Joseph Cabeza-Lainez shows models of 'Antispheras' last Wednesday in Seville. Alejandro Ruesga
The number Pi (π), of which the international day is celebrated every March 14 due to the expression of this date in English, which precedes the number of the month to the number of the day (3.14), is about 4,000 years old, and its approximations they can be found in the Egyptian Rhind Papyrus, in the Bible, and in every culture since.
This irrational number has crept into all facets of life, from engineering and architecture to statistics and quantum mechanics.
But this ratio between the perimeter of a circle and its diameter also has its limitations.
One was discovered by the architect and researcher at the University of Seville Joseph Cabeza-Lainez during the work on the Higher School of Engineering.
The calculation of the area of a roof executed with straight lines that rested on a semicircle was impossible with the existing knowledge.
Pi wasn't enough.
After 30 years of research, two publications (
and another not reviewed) collect the bases of his new proposal: the PSI number (Ψ), with a value of 3.140923, close to its sister number Pi, but which allows its application in a geometric body that the researcher has baptized as
and also with uses in all areas
This is its formula:
Cabeza-Lainez, determined to unravel the greater efficiency of radiation and light —he has designed luminaires with greater light potential and lower consumption—, had begun to glimpse the solution to the problem in his book Fundamentals of luminous radiant transfer (Netbiblo, 2010
in which he develops the solution for radiation between a semicircle joined at the bottom to a rectangle.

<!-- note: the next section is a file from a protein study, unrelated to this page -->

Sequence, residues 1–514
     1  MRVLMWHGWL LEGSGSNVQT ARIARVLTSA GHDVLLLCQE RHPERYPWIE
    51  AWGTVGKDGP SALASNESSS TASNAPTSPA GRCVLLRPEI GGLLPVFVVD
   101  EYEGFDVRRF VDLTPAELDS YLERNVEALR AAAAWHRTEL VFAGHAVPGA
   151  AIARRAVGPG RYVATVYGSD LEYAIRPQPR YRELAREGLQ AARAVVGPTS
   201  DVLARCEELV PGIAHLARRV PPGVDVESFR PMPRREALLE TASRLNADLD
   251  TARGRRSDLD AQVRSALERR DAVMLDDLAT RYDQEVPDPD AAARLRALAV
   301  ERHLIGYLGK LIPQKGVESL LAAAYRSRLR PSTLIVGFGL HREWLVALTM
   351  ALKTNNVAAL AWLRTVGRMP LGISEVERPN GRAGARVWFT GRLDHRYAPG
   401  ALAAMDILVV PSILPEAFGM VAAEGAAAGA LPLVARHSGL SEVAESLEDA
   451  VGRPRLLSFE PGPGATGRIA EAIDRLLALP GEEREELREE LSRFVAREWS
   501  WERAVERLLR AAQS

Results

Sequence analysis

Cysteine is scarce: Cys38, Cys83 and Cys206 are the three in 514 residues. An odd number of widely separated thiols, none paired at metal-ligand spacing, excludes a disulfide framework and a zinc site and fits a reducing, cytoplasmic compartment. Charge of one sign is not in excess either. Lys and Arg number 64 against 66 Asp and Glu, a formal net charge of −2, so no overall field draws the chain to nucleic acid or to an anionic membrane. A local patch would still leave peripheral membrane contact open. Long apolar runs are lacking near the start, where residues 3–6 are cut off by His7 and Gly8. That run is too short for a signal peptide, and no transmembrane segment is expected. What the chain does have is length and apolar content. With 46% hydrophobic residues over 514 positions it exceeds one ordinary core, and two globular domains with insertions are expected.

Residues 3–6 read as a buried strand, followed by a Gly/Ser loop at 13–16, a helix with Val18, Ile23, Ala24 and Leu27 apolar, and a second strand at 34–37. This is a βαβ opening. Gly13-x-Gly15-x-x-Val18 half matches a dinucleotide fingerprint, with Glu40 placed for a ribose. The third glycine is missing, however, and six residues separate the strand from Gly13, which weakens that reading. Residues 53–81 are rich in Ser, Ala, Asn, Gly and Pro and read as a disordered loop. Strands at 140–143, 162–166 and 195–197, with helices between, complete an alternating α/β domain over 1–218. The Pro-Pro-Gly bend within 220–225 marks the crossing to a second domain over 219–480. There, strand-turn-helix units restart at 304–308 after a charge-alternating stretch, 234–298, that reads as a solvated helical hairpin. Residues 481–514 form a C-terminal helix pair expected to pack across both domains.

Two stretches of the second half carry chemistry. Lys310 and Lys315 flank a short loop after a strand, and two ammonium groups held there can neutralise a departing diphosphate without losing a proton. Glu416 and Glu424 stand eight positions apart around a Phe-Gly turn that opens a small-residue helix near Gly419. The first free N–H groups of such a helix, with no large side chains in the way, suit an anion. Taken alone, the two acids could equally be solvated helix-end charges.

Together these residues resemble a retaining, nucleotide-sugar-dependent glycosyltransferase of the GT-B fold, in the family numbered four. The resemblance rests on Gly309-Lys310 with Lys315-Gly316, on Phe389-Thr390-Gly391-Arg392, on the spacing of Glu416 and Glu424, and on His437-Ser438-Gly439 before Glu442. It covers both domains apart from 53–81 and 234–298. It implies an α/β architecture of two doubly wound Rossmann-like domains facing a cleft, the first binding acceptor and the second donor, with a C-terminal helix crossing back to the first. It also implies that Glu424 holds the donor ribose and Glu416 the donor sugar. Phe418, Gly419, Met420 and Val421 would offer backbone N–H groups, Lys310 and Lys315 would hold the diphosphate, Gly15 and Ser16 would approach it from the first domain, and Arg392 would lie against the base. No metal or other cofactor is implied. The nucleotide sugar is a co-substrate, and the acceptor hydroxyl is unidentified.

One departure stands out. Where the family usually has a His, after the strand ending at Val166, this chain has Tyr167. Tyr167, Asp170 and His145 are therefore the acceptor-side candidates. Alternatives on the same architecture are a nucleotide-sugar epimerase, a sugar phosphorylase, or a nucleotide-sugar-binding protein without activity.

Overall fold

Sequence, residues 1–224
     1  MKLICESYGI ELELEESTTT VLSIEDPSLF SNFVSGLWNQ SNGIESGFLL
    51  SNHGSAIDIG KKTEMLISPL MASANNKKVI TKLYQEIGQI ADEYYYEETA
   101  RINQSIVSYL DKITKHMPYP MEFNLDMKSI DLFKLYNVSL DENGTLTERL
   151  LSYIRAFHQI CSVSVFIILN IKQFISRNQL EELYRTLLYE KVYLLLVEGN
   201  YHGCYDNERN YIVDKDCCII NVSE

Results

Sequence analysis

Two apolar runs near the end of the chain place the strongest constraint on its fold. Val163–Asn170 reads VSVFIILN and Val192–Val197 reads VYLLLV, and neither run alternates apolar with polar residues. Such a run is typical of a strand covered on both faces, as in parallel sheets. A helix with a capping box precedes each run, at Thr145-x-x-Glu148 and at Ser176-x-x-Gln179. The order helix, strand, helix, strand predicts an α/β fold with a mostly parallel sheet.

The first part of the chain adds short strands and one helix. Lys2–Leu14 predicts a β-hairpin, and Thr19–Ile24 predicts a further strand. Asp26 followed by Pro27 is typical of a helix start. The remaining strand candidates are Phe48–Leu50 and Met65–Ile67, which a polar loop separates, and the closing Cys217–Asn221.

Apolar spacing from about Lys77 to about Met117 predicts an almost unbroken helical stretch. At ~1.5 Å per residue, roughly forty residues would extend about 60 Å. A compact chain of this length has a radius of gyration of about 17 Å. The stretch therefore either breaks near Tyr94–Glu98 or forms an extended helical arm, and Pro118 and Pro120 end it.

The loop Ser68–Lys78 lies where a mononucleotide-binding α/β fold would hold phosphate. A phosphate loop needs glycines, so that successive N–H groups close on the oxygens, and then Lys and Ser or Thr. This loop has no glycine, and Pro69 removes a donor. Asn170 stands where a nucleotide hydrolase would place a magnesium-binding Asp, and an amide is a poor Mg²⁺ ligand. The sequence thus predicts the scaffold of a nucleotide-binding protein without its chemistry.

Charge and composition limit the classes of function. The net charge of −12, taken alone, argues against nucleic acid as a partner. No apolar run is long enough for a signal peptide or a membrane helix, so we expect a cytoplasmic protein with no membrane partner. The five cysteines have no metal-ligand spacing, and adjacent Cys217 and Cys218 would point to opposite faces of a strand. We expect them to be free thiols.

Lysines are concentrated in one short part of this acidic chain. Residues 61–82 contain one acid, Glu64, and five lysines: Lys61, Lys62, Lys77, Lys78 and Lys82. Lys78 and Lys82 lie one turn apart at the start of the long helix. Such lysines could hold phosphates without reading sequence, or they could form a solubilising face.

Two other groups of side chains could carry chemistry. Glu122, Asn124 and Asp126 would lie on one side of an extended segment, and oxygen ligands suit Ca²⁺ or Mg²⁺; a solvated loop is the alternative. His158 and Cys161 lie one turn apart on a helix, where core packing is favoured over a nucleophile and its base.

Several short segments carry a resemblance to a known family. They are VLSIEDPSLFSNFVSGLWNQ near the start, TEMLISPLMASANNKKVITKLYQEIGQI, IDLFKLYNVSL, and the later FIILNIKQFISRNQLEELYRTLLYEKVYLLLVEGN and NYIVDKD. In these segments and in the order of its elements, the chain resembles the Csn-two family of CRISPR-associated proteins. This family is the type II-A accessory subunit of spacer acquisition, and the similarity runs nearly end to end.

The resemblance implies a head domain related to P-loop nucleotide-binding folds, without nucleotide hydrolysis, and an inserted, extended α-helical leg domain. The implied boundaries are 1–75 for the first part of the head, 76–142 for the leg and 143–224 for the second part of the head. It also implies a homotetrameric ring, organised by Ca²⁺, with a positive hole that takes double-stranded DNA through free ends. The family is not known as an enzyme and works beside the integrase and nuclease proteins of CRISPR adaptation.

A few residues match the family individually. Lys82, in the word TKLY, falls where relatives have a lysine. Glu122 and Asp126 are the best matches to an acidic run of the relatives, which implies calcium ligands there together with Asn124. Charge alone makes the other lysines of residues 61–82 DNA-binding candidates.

But it was the work of the School of Engineering that added the ultimate complexity with a surface that connected both shapes.
How to find the area of that surface formed by straight lines that start from the end of the rectangle to each of the points of the semicircle?
One form of approximation was the length of the ellipse by the Indian mathematician Srinivasa Ramanujan, whose life inspired the film
The Man Who Knew Infinity
And with his formulas to determine the perimeter of an ellipse as a function of the two axes, he began to work to calculate the lateral surface of an
divided into two hemispheres.
'Antisphera' divided into two hemispheres.J.
with a radius and height of the hemisphere equal to 1, the lateral area is extraordinarily similar to Pi squared, an algebraic expression that, according to the researcher, adds a new dimension: "Pi squared represents a three-dimensional surface that constitutes a body again, which is a transition between a cube and a sphere.
The plan is a square and the elevation a circle.
It is the squaring of the circle”.
With Ramanujan's approximations and years of research, during which he had to develop his own calculation software, comes an equation that opens the door for PSI:
“PSI is not Pi because there is a small difference between 3.14092 and 3.14159.
Although it is approximate, it is also transcendent”, assures Cabeza-Lainez.